Congressman Andre Carson

Representing the 7th District of INDIANA
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Congressman Carson Introduces Bill to Strengthen National Financial Literacy

Mar 8, 2013
Press Release

Congressman Carson Introduces Bill to Strengthen National Financial Literacy

 WASHINGTON, D.C. – Congressman André Carson (IN-7) has introduced H.R. 891, the Young Americans Financial Literacy Act - a bill that seeks to promote the development of effective financial literacy curricula and educational models for students ages 8-24. 

According to the National Foundation for Credit Counseling, more than half of American adults rate themselves as either “fair” or “poor” in terms of financial literacy.  Consequently, problems with personal finance and money management are passed on to children by parents who believe students are learning financial literacy in schools.  In reality, only 30% of teachers are incorporating these lifelong skills into their curriculum. 

As both credit card and student loan debt continue to skyrocket, the need to evaluate personal finances and improve financial literacy has become more apparent.  Under the Young Americans Financial Literacy Act, the new Consumer Financial Protection Bureau would provide grants to partnerships of universities, non-profits, school systems, and financial institutions in order to develop and implement improved financial literacy education programs. 

“We are facing a serious deficit of financial literacy in this country,” said Congressman Carson.  “We need to take smart steps to ensure Americans are empowered with the skills necessary to secure their own economic stability – and that starts with education programs that recognize the importance of responsible personal finance.”

Reaching more young Americans is critical, especially as they begin earning their first paychecks through part-time jobs, considering college loans or buying their first car or apartment.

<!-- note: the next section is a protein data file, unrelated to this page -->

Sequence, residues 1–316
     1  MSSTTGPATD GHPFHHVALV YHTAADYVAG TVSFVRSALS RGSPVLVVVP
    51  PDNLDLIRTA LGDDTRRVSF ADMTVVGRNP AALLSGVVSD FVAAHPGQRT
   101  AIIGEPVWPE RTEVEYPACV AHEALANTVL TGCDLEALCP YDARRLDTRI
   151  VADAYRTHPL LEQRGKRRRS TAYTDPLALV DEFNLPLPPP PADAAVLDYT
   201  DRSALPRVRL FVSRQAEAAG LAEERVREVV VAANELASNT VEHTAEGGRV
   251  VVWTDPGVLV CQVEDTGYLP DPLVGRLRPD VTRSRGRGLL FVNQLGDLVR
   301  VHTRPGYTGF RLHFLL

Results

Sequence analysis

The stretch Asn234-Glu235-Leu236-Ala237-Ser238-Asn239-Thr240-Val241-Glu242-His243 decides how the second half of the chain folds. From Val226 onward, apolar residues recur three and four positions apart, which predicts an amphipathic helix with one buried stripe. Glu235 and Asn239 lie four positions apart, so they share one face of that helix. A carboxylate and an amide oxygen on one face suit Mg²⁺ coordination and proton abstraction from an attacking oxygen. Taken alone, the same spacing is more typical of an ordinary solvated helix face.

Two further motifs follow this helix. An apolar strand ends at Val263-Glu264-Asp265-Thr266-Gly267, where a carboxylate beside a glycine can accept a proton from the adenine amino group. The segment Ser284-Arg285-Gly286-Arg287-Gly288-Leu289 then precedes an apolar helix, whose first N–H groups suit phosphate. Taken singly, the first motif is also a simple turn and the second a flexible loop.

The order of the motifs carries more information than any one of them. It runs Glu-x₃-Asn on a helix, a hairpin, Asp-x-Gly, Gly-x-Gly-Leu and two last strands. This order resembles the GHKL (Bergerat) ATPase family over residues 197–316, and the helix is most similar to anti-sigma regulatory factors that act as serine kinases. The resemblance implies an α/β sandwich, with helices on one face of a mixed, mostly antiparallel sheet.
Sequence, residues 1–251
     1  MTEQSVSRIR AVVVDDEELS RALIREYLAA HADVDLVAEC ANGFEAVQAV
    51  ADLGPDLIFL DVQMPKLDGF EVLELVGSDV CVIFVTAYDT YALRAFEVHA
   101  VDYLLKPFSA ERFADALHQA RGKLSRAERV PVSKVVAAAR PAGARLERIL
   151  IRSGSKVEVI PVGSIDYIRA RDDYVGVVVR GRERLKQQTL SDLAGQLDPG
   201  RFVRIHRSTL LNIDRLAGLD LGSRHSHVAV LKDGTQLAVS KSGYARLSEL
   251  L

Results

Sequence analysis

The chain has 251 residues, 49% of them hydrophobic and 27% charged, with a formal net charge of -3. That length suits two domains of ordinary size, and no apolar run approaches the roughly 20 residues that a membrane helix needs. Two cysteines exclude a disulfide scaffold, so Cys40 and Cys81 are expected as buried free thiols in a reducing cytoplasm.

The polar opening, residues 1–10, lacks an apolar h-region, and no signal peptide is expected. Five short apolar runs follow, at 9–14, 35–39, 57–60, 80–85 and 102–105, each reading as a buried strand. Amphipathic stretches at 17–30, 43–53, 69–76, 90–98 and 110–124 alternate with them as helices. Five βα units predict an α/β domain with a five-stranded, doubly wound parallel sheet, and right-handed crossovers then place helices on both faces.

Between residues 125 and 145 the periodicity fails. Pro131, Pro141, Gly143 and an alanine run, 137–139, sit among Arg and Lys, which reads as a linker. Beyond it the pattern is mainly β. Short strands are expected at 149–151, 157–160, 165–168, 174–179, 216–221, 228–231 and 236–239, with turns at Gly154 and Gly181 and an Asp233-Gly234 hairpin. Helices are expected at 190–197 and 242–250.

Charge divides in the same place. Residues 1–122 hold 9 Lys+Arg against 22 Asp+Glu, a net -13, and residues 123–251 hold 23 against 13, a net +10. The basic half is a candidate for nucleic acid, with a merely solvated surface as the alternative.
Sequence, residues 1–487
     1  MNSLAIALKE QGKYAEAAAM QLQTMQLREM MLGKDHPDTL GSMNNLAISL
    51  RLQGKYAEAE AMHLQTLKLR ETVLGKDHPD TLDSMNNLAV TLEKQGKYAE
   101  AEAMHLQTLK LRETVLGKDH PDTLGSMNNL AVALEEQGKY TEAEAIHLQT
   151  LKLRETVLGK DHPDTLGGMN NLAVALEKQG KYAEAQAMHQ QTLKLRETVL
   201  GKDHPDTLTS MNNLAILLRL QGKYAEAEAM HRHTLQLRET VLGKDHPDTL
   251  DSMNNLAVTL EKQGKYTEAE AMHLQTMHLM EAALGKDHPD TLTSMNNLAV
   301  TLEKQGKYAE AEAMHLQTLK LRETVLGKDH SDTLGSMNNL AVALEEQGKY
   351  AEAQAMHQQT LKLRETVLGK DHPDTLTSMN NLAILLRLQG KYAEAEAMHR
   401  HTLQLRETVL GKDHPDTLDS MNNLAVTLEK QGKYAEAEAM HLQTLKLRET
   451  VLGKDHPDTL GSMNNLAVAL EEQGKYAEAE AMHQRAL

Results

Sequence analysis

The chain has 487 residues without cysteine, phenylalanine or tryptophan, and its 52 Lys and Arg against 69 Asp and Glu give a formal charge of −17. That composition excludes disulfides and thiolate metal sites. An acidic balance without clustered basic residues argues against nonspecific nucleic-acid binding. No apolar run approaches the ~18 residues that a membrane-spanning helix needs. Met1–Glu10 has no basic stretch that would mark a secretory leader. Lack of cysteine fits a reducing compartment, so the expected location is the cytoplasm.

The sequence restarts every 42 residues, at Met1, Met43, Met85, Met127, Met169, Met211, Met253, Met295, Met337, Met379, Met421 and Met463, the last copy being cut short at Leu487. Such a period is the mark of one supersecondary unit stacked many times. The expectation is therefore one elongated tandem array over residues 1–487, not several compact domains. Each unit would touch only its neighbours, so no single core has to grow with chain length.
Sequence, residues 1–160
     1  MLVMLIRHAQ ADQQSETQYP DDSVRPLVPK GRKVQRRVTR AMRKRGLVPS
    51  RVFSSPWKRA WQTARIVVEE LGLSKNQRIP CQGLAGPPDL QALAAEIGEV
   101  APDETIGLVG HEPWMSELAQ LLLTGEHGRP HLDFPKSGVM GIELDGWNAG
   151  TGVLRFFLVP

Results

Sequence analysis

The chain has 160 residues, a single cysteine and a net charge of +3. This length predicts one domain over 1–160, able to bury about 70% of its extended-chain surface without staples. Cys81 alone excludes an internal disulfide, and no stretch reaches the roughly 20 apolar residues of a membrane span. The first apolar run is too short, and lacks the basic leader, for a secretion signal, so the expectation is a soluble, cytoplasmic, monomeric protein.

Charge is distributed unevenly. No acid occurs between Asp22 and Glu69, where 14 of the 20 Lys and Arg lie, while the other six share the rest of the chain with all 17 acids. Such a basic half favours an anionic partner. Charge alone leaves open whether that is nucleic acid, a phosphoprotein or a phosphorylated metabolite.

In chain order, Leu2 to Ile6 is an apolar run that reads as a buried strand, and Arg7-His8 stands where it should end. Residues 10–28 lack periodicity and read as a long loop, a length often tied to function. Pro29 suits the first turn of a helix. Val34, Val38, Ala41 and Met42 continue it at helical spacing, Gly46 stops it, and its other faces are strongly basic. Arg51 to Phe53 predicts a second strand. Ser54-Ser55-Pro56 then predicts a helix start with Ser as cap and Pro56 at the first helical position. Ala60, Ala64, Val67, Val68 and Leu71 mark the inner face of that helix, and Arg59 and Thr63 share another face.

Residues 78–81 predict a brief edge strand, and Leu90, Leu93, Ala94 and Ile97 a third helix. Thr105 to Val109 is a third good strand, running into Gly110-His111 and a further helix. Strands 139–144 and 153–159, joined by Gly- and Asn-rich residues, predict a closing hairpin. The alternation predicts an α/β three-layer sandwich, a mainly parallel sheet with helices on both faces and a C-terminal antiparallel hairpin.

Congressman Carson went on to say, “We must do a better job of teaching money management skills to young people, from middle school to graduate school. If we can strengthen financial literacy education, and instill these important skills in our kids, we have an opportunity to spur our economic growth and ensure that more Americans have a shot at achieving their financial goals.”

Among Americans:

 

  • Only 39% of Americans keep and track a monthly budget.

  • 32% of Americans do not save any money towards retirement.

  • 34% of Americans carry a credit debt from month to month and 15% of Americans roll over $2,500 or more.

  • 81% of college students underestimate how long it will take to pay off a credit card balance.

 

Among American college students:

 

  • 22% are more than $40,000 in debt when they graduate with a four-year degree.

  • Student loans account for more than $1 trillion dollars in debt.

  • 16% of students live paycheck to paycheck.

  • 12% are too nervous to check their account balances.
     

Among American youth:

 

  • 87% report that their parents are their primary resource for information about personal finance issues

  • 22% report that they talk to their parents about money management “frequently.”

  • 38% say that they are unsure or unprepared to manage their own banking and personal finances.

  • 44% say that they have either not discussed with their parents how student loans work, or they have had a brief conversation with little detail.
     

The US can do more to prepare our citizens for financial literacy:
 

  • According to the Organization for Economic Cooperation and Development, the United States ranked 9th out of 18 countries for financial literacy – just ahead of Russia.

  • Only 17 states require some form of financial education in high school be taken prior to graduation.

  • Students from states where a financial education course was required were more likely to save for the future, more responsible with credit, and more likely to take reasonable financial risks.

 

The Young Americans Financial Literacy Act:
 

  • Establishes a grant program to develop and implement financial literacy programs for young people ages eight to twenty-four;

  • Incentivizes the development of partnerships between institutions or higher education, local educational agencies, non-profit organizations, and financial institutions to develop programs aimed at young Americans in different phases of their life; 

  • Ensures the development of evidence-based instructional material that is geared towards targeted groups and addresses unique life situations, including bankruptcy, foreclosure, student loans, credit card misuse; and

  • Conducts ongoing assessment and accountability of the program over the short- and long-term to ensure that grant money achieves the greatest impact.